We often get asked about staff engagement, especially at the moment with huge swathes of the working population working from home for the majority of the time. Often the questions all cover the theme of making sure staff are doing OK, without coming off all managerial.
Questions like, how can we engage our staff? How can we make sure they are coping at the moment? How do we make sure it doesn’t feel naff and just ticking a box?
I’m glad you asked because there’s a few things you can do to make sure that people are doing OK, without effectively having to interview them over Zoom. Eugh! Can you imagine…
Let’s start with you though…
This is going to sound very counter-intuitive, when we’re actually talking about how your staff are feeling, but actually knowing how you come across is key. Why? Because if this isn’t handled the right way, you’ll actually have people feeling suspicious of you and telling you it’s ‘fine’, rather than being able to open up and tell you what’s actually going on for them,.
Let me give you an example, because I have to be honest and admit I’ve not had a good record with managers and senior leaders when I’ve been a front line worker. I know it’s hard to believe, but my ‘tell it like it is’ communication style, usually went down like a fart in a lift. And, some of this was definitely my stuff around authority, but a lot of it was also the fact that when I worked on the front line, senior leaders were rarely seen.
I very seldom ever saw a senior leader who was approachable or who wasn’t focused on stats. Very, very rarely did I engage with one, and even rarer still, was I ever asked what I was seeing on the front line, outside of a quality check. To me, they didn’t want to know, unless, of course, the shit was about to hit the fan.
I know the reality is more nuanced that this, and stuff that’s important to someone on the frontline, might not raise a flicker of interest further up the pecking order, especially if it’s not in the data. But, there is growing pressure on managers and senior leaders to be able to manage their staff’s mental health, and that means taking more of an interest in the person, rather than the stats.
Tough questions for the full picture
And there are some tough questions you need to ask yourself, before we get into what else you can do.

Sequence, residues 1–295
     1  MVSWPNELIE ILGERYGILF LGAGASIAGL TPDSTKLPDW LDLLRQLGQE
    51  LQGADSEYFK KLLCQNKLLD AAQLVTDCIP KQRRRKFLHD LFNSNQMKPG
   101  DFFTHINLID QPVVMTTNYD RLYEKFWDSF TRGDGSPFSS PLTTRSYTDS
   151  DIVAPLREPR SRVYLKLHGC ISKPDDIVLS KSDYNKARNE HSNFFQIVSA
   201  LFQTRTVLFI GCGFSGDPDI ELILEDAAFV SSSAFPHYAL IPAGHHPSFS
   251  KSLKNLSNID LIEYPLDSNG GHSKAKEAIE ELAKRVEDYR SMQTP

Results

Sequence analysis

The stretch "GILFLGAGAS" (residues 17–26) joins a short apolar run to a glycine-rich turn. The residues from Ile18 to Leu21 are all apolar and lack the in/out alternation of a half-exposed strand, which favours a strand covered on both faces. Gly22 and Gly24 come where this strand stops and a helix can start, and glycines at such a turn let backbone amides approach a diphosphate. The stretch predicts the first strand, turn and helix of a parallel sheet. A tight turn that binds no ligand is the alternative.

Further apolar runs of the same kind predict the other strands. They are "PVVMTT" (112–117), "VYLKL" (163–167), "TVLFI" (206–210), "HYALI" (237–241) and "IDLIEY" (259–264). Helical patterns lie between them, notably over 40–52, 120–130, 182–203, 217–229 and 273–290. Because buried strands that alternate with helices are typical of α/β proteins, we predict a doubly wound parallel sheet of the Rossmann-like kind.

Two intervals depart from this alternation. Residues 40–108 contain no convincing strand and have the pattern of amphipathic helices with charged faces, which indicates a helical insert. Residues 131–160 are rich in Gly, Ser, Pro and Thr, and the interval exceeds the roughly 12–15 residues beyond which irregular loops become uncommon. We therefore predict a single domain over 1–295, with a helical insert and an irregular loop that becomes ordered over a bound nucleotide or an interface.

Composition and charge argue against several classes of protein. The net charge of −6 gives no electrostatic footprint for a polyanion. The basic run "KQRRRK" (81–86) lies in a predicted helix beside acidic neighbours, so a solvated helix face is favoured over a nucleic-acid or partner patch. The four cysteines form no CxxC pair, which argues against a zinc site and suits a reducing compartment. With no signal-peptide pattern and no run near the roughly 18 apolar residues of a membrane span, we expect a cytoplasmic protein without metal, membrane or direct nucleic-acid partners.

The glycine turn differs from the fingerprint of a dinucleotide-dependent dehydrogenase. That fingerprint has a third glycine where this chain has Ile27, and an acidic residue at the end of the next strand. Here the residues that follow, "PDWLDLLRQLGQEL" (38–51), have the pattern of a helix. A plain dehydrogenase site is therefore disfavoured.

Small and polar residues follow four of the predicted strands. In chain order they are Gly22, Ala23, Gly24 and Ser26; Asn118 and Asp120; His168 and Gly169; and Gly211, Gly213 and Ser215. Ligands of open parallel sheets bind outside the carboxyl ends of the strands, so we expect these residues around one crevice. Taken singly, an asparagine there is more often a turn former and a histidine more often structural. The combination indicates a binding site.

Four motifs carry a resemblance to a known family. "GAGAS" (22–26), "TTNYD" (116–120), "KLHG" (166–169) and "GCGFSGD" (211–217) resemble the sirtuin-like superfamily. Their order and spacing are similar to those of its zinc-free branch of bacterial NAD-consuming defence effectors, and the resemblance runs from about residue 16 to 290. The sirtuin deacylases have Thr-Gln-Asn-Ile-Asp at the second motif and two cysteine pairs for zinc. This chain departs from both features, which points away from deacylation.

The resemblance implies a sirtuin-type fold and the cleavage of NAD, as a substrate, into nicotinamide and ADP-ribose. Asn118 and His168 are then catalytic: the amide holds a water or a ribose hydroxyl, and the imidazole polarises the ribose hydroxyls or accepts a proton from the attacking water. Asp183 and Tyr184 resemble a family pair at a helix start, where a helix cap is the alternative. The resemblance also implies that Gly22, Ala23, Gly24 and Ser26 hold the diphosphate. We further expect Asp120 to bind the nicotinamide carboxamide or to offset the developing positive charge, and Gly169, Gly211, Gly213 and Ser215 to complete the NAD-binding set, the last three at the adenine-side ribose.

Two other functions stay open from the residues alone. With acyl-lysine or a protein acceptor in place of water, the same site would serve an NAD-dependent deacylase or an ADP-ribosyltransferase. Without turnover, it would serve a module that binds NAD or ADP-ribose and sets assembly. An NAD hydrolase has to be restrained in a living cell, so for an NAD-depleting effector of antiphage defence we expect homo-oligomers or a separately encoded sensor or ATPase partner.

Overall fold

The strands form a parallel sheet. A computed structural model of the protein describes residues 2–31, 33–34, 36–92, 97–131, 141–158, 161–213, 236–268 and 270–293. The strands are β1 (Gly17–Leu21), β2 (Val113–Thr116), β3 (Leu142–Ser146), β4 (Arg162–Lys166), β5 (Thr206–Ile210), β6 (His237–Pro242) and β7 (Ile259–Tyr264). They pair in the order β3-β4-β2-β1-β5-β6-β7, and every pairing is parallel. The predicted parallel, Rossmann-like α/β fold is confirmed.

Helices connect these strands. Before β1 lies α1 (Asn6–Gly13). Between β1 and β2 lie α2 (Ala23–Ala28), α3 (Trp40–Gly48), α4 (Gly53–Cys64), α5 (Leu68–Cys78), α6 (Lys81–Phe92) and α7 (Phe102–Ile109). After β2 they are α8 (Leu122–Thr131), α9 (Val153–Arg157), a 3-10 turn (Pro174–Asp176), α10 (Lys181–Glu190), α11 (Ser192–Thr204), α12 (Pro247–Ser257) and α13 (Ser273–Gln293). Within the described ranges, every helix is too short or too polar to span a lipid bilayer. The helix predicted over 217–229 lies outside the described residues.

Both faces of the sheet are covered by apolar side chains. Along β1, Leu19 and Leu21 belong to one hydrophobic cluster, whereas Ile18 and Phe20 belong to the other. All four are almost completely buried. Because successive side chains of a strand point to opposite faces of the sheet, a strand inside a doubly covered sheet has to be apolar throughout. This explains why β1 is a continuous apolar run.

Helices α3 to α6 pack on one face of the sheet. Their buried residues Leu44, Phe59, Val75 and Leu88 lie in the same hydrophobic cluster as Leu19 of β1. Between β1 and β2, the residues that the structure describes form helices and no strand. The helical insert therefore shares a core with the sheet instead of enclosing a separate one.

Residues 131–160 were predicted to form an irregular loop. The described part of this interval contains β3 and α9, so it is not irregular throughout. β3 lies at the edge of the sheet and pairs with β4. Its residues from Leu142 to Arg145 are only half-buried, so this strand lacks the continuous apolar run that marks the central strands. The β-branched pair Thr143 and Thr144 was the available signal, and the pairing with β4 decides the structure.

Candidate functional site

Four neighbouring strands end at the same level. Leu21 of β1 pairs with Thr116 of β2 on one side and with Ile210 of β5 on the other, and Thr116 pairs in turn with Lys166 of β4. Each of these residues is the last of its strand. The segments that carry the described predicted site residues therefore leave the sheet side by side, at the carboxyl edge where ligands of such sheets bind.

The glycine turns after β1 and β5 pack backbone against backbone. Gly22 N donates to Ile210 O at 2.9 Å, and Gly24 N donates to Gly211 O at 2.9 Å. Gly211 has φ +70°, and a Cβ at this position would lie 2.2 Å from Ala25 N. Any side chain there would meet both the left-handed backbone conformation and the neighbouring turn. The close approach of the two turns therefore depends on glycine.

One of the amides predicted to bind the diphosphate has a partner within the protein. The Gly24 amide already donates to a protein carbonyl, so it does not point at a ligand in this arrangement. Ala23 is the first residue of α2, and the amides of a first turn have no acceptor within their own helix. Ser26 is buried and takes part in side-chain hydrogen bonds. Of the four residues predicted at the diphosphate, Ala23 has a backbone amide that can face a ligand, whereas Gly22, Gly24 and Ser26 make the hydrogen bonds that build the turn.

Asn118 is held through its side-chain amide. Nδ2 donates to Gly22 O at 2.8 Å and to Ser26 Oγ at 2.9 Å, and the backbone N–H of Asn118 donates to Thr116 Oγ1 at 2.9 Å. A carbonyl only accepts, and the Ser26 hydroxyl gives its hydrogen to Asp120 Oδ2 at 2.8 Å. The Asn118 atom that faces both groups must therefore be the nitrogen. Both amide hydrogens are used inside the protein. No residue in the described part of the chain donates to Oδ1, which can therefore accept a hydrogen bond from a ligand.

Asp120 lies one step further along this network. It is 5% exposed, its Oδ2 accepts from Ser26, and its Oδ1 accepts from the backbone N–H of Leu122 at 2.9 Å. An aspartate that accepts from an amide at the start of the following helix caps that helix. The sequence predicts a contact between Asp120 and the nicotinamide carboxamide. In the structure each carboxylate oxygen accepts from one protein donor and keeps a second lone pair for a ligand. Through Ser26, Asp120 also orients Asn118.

*Deep breath* Let’s start with the big one – are you sure the data you have in front of you is asking the right questions?
The reason I ask this, is because more often than not, the data I see senior managers looking at, bears no relation to what the reality is on the front line. It’s diluted through the layers before it reaches you, or it can be looking at the wrong things, or looking at a small slice of the whole picture, like looking down the wrong end of binoculars.
Phew! And now for the awkward questions that sit behind this one:
With the businesses I’ve worked with, precious few, unfortunately. It’s proving to be a consistent and pervasive problem. This brings me back full circle to the initial question, which means the data you’re looking at isn’t giving you a full panoramic picture of what’s happening for your staff.
Computer says maybe…
How does this impact on your staff? Well, it inevitably masks problems, causing feelings on the frontline that actually you’re not interested and nothing will ever get fixed. That’s never going to be good, as that feeling then gets passed on to customers, when they complain about that issue. Your frontline worker gives a throwaway comment about ‘them’ being aware and nothing having been done. And, ta-da! It’s another new complaint.
That’s not to say data is pointless. It’s not. Data, can be great if it makes up one small part of your process for feeding things back up the line. But, if it doesn’t, it could be the best looking process on paper, but be neglecting your staff. People make up a huge percentage of it and if it doesn’t include feedback up the line or a process for you to see all of it at work, you’ll miss those problems in the data.
Getting your hands dirty
I’m not for one moment suggesting that we do away with all senior leadership and we all become a flat management structure. Nor am I saying the data needs to be binned. But, I do advocate that leaders take their lead from the frontline and start to use it as a tool for insight, in conjunction with Root Cause Analysis and management stats.
It’s not just a question of listening to a sample of calls, although that can help you get a grasp on what your staff are seeing every day. It’s actually taking the time to engage with them on a regular basis, and listening to what they have to say. What are they seeing? What’s working and what isn’t? What would make their lives easier? And then working with that valuable intel.
It’s also getting your hands dirty. Dare I say it, but when I was a manager, I jumped on the phones. Yes, my boss tried to stop me, but as someone with a problem with authority, you can imagine how much he was listened to. But, it meant my team saw me leading from the front. It meant I could listen first hand to a customer, and I could get a feel for what was working and what wasn’t. For me, I wasn’t just theorising on what was working, or not, because I learned what the workarounds were in the stats and the telephone system, so no-one was able to pull the wool over my eyes.
That’s why stats, data and reports will never be a replacement for actually getting your hands dirty and listening to those that are on the front line. It really does pay to engage with your front line meaningfully. They will tell you what you need to know, they’ll help you fathom out why things aren’t working and it’ll save you hours of poring over data for a clue. What’s more, it earns you Brownie points galore. What more could you want?
It would be great to hear from you please feel free to share your views by finding us on Social media